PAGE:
10 Traffic Rules Everyone Forgets

Speeding

No matter how long you’ve been driving, there’s a good chance you tend to speed every now and then. Even going 5 miles-per-hour over the limit is against the law. Curious about speed limits around the country? The National Motorists Association has this guide for every state.

Not Stopping

Stop means stop—as in a full stop. It can be tempting to just slow down at a stop sign or red light when there’s no other traffic around, but police can issue a ticket for not coming to a complete stop at a stop sign or at a red light. “Red light running happens frequently and is often deadly. In 2017, 890 people were killed in crashes that involved red light running,” according to the Insurance Institute for Highway Safety (IIHS). In addition, an estimated 132,000 people were injured in red light running crashes in 2017.

Wearing Seat Belts

When your destination is just around the corner or a block away, it can be tempting to save time by not buckling up. But for much of the country, it’s one of those traffic rules that shouldn’t be ignored. Thirty-four states have primary seat belt laws for front seat occupants, and 29 states have laws enforcing rear seat belt use, according to the Governors Highway Safety Association.

Tailgating

Tailgating is one of those traffic rules that can be easy to forget when you’re in a hurry. However, tailgating causes accidents. In fact, the National Highway Traffic Safety Administration says rear-end collisions account for 28 percent of highway accidents.

According to Drive-Safely.net, “At a MINIMUM, during dry weather conditions, you should have at least 2 seconds of space between you and the vehicle in front of you (3 seconds is better). Do this by using a fixed object such as a bridge, tree, or even a crack or shadow in the roadway. Once the rear bumper of the vehicle in front of you crosses that object, begin to count… one-thousand-one, one-thousand two, one-thousand three, etc. If you don’t make it to 2 by the time your front bumper crosses that same fixed object, you need to increase the following distance. Of course, being further away than 3 seconds isn’t only acceptable, it’s recommended.”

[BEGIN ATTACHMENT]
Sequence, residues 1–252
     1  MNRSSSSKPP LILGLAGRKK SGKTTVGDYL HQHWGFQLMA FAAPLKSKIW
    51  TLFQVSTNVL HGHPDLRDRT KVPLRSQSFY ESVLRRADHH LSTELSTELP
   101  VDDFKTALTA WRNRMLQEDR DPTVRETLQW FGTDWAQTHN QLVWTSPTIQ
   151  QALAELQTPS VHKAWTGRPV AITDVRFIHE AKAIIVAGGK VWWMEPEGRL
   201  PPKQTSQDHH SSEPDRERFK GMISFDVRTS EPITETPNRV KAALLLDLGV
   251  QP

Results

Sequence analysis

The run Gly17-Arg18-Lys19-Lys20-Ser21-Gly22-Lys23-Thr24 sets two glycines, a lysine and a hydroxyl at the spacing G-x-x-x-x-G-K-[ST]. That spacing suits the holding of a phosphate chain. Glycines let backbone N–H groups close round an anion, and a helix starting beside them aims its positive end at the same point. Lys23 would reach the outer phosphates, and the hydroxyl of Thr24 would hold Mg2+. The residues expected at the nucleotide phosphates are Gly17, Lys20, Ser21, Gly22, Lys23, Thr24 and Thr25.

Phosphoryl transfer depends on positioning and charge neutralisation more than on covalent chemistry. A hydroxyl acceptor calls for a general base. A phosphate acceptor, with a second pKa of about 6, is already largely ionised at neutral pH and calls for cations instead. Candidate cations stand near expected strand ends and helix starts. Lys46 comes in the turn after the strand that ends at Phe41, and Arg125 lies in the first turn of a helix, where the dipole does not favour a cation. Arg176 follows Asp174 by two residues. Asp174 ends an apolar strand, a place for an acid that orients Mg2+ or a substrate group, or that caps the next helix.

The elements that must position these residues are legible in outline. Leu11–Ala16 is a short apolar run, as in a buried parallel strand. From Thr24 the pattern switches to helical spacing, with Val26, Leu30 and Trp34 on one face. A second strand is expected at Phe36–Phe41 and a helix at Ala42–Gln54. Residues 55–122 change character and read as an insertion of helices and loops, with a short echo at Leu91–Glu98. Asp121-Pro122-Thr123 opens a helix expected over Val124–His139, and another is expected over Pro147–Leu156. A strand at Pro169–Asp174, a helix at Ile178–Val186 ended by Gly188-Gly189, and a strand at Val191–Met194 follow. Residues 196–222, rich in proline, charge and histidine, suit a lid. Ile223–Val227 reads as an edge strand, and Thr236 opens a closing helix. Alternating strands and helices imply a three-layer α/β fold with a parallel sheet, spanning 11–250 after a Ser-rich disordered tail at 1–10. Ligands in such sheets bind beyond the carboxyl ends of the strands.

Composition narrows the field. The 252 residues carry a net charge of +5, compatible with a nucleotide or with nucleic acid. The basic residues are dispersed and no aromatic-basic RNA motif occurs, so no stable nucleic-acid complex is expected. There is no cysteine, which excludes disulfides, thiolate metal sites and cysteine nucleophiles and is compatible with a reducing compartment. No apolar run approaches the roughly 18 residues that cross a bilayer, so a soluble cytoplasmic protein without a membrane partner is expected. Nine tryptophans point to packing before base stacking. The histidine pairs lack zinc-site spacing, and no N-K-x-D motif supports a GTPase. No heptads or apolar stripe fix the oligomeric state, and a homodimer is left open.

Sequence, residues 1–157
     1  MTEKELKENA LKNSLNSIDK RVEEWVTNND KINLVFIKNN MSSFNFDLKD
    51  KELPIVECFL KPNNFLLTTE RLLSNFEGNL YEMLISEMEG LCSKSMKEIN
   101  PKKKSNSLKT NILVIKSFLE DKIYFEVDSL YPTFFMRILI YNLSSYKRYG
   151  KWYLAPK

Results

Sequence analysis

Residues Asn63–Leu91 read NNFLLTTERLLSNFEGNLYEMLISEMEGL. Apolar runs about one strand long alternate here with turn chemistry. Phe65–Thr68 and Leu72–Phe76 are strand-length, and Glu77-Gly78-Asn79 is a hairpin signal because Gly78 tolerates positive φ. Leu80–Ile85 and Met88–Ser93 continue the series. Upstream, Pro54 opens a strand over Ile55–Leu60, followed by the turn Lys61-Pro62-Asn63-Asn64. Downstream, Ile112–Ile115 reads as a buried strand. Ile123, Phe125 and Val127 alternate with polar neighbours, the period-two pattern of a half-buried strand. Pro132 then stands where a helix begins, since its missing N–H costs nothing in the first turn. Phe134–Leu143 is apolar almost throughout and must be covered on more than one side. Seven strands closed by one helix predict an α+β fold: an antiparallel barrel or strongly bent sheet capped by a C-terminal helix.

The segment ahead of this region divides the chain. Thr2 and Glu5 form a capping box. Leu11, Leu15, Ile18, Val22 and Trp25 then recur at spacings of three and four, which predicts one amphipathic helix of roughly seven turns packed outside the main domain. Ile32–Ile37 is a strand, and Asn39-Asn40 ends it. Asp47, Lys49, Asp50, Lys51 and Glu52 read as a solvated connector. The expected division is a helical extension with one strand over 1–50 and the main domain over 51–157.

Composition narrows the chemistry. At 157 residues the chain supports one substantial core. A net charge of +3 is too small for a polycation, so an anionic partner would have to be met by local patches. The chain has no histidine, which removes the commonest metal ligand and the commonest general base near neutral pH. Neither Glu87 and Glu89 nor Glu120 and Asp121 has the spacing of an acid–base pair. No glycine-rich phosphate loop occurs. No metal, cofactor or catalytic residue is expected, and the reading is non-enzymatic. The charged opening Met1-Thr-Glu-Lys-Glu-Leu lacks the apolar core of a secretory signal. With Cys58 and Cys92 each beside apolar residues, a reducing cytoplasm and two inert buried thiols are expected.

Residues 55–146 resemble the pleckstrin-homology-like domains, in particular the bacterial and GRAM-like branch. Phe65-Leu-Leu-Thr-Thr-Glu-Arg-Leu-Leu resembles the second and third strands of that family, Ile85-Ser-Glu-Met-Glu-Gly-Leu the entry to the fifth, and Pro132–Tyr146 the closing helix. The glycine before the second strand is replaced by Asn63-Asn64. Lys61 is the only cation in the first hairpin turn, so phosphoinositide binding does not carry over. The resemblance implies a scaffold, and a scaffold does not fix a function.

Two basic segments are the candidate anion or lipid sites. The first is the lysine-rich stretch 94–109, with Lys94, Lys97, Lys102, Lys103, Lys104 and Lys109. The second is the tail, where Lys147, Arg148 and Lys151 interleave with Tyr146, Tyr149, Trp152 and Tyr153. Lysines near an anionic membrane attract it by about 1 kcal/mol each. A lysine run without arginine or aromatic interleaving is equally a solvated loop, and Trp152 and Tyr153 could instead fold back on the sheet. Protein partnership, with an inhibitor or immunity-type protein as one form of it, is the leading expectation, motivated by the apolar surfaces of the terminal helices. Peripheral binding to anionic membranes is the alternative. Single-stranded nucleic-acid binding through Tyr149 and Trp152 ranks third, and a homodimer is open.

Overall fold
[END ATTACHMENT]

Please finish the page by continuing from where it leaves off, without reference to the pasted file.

Cell Phone Use

Answering that phone call or sending a quick text message while behind the wheel may not seem like a big deal, but it is. As of February 2019, 48 states ban text messaging for all drivers, according to the Insurance Institute for Highway Safety. In addition, 18 states prohibit all drivers from hand-held cell phones while driving. Learn more at StopTextsStopWrecks.org.

Using Turn Signals

Turn signals help communicate your actions to other drivers, but it’s not uncommon for drivers to forgo using them. About 40 percent of a vehicle’s outer perimeter is hidden by blind spots, according to the U.S. Department of Transportation. “Failure to signal is illegal, inconsiderate and extremely dangerous to everyone in your vehicle and to all the road users around you,” the department notes.

10 Traffic Rules Everyone Forgets

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